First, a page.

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Writing prompt: Origin stories
Use these activities to write your own origin story
Origin stories are the tales that make you, you. No matter where you hail from, we all have stories that explain how we became who we are now. Or know the defining stories of those around us.
There are many ways to tell an origin story. Your origin story could follow the archetype of a superhero origin, where a fateful day or a tragic event led to something heroic, filled with larger than life characters and moments. Your origin story could also be more subdued, a quiet recollection of being changed forever. Whatever way you choose to tell your origin story, here are some writing exercises to help you get started.
Warm-up: Personify objects
Look around your space and select five objects. For each object, consider its practicalities and functions. Then consider what personality these objects could have, this could include their likes and dislikes, aims for the day or how they are feeling. Write a short paragraph for each object, and imagine their interactions. What makes these objects unique and special? What story could you give them?
For example: Tom the flask was feeling quite deflated today. His cap, somewhat ajar, was causing him bother. He was letting out some hot air. 'I can’t believe this!' piped Tom. 'She’s done it again!'
Brainstorm: The last five years
Reflect on the last five years of your life and consider what the defining moments have been. Write a sentence per year that you feel is representative. This could be a memory or a significant moment, or it could be a line that summarises the year overall. Once you have written a line for each of the last five years, consider other blocks of time you could write these lines for. You could write a sentence each for the first five years of your life, and search these for defining moments in your origin story. You could also write a sentence each on the hopes for the next five years of your life.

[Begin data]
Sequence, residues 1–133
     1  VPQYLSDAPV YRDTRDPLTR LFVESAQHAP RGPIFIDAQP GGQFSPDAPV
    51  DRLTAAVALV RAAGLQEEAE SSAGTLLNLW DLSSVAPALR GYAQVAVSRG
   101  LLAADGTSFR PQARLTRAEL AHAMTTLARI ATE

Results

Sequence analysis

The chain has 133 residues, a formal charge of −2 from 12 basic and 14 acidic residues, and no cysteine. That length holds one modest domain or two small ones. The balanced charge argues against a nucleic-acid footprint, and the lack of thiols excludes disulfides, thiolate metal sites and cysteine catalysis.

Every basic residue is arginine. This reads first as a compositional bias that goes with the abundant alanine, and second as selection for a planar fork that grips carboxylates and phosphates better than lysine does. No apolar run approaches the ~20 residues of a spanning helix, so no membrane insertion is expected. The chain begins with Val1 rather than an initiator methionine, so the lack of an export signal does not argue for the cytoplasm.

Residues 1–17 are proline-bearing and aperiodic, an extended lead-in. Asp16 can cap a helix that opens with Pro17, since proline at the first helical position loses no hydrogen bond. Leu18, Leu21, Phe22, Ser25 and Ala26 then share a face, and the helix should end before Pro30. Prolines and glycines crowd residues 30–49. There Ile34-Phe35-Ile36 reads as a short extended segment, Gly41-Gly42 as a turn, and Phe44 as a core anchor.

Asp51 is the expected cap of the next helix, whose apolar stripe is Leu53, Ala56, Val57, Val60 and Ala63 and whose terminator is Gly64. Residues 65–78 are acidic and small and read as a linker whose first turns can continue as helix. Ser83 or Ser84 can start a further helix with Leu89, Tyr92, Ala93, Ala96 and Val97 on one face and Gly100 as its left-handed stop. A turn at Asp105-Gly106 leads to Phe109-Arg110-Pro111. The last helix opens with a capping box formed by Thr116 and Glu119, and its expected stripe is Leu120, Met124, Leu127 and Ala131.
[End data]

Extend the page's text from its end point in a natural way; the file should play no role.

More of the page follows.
With great power comes great responsibility
These words are well known to most Spider-Man fans as the sage advice Peter Parker was given at a pivotal time in his journey. Think of a phrase that someone once told you and the effect it had on your life. You could use this phrase as the first line of your story
For example: My mum once told me 'don’t count your chickens before they hatch . . .'
Think of a moment that changed your life. It could be something like the birth of a child, or the day you said 'I do'. It could also be a moment that had a domino effect on your life, such as going into a shop and bumping into someone new or someone you hadn't seen in a while. Once you have your moment in mind, try to describe it as much as possible. Write a short piece on everything you remember seeing, feeling or hearing at that moment.
Write your own origin story in the style of a comic book. Draw a nine-panel grid by dividing a sheet of A4 paper with three lines horizontally and three lines vertically. Plot what happens in each panel and any accompanying text. The text can appear in speech bubbles if people are speaking or in a text box to function as narration.